There is an impressive list of superlatives attached to Sydney, Australia.
It’s the largest city in the southern hemisphere, in terms of area if not in
terms of population. It has the world’s largest natural harbor. It’s a recent
Olympic host city (2000) and is admired the world over as a tourist destination
because of its moderate climate, lively atmosphere and rich cultural programme.
The locals are called Sydneysiders. They will happily tell you
that their city is the greatest in Australia – in fact, most of them will
probably go so far as to tell you it’s the greatest in the world. Civic pride
in Sydney is sometimes taken to extremes. The city, however, is definitely not
the capital of Australia – that honor belongs to Canberra, which lies further
down the country’s eastern coast than Sydney.
As a travel destination, Sydney is like many other
great cities of the world: it needs a hundred travel articles to do it
justice. However, there are certain landmarks and famous sights that every
associates with Sydney. The most famous, probably, are the Opera House, the
Harbour Bridge and Bondi Beach.
Sydney Opera House is one of those buildings that manages always to look modern
and recently built. In fact, the planning of the project began as far back as
the late 1940s. Owing to political problems and financial setbacks the building
– designed by the Danish architect Jørn Utzon – wasn’t finished until 1973. But
the wait was worth it. One of the things that it’s hard to get a sense of from
photos of the Opera House is its size – because it’s often snapped next to the
gigantic Harbour Bridge, or simply against a backdrop of water, flat images
make it difficult grasp the building’s true scale. At its highest point it
rises six hundred feet above the ground. That may be nothing in comparison to
some of the skyscrapers of downtown Sydney, but it’s a striking height for a
building that appears to be made of giant up-ended seashells.
In fact, the construction is rather more solid than that – the
opera house is made of concrete and steel, topped off by white marble slabs
specially imported from Sweden. If you’re interested in architecture various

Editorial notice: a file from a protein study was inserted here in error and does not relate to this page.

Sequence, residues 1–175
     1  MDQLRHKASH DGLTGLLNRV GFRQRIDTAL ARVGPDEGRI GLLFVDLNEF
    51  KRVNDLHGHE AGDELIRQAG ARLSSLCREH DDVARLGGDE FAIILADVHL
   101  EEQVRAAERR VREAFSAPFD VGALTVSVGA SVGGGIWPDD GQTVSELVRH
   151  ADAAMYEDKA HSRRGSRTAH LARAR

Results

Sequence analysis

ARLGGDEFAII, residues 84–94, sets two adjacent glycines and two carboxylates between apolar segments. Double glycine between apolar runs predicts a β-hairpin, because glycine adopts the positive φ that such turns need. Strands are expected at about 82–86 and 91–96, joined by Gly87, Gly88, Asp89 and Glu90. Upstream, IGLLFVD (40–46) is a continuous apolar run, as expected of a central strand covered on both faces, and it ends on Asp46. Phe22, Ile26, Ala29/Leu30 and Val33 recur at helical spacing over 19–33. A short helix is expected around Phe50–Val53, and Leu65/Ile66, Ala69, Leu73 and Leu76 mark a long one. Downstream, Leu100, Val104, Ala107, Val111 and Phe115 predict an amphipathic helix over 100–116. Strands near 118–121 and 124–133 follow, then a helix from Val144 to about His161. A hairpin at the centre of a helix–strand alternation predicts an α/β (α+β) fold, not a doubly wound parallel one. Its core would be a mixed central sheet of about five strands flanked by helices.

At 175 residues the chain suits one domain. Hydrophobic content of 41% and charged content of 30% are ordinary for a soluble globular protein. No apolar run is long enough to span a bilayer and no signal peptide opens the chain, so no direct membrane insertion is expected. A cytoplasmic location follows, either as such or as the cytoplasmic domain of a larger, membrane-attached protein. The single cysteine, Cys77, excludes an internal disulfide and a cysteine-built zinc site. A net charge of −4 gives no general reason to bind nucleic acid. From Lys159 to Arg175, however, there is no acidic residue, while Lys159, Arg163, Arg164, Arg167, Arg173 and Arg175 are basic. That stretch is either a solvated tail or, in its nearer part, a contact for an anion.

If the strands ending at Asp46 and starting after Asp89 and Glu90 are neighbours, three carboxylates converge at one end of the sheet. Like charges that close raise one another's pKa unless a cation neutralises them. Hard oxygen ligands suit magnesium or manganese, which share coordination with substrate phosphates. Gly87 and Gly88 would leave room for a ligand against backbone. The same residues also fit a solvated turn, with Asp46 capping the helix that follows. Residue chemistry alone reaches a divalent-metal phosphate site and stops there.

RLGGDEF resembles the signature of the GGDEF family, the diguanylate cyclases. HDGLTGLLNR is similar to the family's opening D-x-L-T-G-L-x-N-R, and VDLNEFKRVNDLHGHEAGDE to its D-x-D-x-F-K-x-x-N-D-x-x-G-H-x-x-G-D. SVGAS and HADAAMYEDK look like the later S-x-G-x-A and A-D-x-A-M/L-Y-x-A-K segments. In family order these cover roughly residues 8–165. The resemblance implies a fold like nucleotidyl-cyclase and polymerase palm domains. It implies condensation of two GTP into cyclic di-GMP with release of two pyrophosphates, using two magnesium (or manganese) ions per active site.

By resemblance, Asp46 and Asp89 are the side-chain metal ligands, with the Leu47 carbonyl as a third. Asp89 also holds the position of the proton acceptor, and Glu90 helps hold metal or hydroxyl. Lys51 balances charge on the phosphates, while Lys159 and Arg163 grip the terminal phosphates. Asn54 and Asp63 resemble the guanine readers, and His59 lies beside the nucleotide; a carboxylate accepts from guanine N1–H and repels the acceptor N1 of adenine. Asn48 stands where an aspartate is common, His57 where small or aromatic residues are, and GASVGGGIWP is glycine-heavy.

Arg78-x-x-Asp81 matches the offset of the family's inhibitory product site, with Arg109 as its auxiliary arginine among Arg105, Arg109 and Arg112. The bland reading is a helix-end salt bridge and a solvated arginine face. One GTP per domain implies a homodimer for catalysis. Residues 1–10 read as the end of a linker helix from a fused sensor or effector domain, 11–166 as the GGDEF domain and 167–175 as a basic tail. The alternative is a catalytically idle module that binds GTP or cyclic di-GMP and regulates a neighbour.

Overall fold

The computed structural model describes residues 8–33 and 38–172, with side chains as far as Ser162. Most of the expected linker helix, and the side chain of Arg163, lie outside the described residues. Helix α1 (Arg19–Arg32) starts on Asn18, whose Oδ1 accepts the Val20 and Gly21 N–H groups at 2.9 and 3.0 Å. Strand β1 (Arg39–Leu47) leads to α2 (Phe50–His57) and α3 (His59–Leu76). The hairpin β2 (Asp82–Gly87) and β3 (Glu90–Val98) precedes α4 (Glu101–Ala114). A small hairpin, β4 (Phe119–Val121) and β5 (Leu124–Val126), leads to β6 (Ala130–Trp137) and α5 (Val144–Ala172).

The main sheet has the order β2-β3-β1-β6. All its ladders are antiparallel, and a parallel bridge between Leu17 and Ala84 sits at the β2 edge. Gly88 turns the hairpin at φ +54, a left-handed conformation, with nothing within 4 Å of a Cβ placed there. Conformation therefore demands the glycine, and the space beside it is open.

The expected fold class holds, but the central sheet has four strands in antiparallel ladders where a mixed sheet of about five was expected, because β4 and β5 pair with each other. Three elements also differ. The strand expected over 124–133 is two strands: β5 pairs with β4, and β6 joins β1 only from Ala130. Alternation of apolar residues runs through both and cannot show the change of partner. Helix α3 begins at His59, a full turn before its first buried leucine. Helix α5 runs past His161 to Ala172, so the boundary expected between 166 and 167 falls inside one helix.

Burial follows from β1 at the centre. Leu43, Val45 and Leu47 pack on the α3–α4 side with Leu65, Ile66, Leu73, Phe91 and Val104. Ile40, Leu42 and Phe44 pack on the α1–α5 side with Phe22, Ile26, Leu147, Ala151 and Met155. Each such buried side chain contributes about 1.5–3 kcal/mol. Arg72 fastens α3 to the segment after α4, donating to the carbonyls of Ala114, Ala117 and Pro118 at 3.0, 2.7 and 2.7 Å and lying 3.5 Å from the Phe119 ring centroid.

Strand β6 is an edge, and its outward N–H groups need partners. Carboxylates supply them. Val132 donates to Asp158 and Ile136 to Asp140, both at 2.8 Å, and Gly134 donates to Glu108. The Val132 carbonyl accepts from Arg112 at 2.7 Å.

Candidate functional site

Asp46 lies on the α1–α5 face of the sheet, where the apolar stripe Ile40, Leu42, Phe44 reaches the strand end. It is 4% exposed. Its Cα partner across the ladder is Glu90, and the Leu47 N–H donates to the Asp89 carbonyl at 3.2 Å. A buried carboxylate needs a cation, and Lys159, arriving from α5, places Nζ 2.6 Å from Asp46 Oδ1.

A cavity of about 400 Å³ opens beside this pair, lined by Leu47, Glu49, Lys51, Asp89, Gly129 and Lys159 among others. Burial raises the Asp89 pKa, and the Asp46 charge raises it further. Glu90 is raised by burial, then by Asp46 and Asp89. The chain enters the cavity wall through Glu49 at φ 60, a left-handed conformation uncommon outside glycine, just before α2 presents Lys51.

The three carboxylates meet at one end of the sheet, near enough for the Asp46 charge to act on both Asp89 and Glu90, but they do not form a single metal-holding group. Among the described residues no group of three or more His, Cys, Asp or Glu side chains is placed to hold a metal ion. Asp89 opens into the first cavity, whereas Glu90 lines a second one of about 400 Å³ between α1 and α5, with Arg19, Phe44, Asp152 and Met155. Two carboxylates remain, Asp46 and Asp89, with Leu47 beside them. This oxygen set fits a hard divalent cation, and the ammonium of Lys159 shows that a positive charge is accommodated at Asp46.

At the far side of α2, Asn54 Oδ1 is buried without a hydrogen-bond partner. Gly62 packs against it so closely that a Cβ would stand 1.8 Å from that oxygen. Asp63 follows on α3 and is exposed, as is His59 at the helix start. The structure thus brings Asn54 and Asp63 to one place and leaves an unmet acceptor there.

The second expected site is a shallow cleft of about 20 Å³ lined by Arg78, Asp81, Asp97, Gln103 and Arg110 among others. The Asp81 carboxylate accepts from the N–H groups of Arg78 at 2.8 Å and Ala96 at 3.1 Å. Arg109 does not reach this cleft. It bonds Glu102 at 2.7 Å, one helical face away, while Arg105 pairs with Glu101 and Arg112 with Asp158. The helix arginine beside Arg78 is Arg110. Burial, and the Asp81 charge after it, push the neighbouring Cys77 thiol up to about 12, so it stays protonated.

lectures and tours are available to help you find out more about its
construction. If you’re more drawn to the Opera House by its original cultural
purpose you’re in for a treat. The interior contains a huge concert hall and an
Opera Theatre as well as several smaller theatres and studios. There’s always a
packed calendar of cultural events, and, if you feel the need for a break from
absorbing the building’s artistic delights you can relax in one of its bars and
There’s a popular misconception in Europe and the US that
Australians are not a highly cultured people. Folks from London or New York who
visit the Sydney Opera House often come away with their opinions reversed,
wondering who their own cities can ever hope to compete with this Disneyland of
If you prefer your structures more Spartan and functional than sleek and
elegant, you should stand on the promenade outside the Opera House and admire
the Sydney Harbour Bridge.
The bare purpose of the bridge, obviously, is to span to city’s
huge harbor, linking Sydney’s downtown developments with the residential and
commercial areas of the more recently-developed North Shore. It is unbelievably
huge. Although not the longest bridge in the world by some distance, it is the
widest, and the most massive single-span bridge in existence. It carries a
six-lane highway, railway lines, a pedestrian route and a cycle path high above
the water. It is well worth taking the walk from one side to the other, though
if you’re sensitive to exhaust fumes it’s probably best not to try this during
the rush hour!
If all the tramping around the city’s great monuments has worn
you out a little, perhaps it’s time for some relaxation on Bondi Beach –
arguably the most famous and best beach in the world. Sydneysiders will
certainly argue that, and it’s difficult to disagree with them. It’s surprising
to learn, then, that until quite recently Bondi Beach (the name applies to the
local Sydney suburb as well as the beach itself) had a reputation for being
seedy and polluted. The area has been very comprehensively cleaned up, though,
and is now becoming somewhat gentrified. The beach is a great place to relax
and swim – though make sure you stay in the designated swimming areas, as there
are a number of very strong currents riptides immediately offshore that
will soon whisk the unwary out to sea.
Sydney is a big town, and one short article can’t hope to do it
justice. If you thought America was ‘the big country’ think again –
Sydney dwarfs its rivals.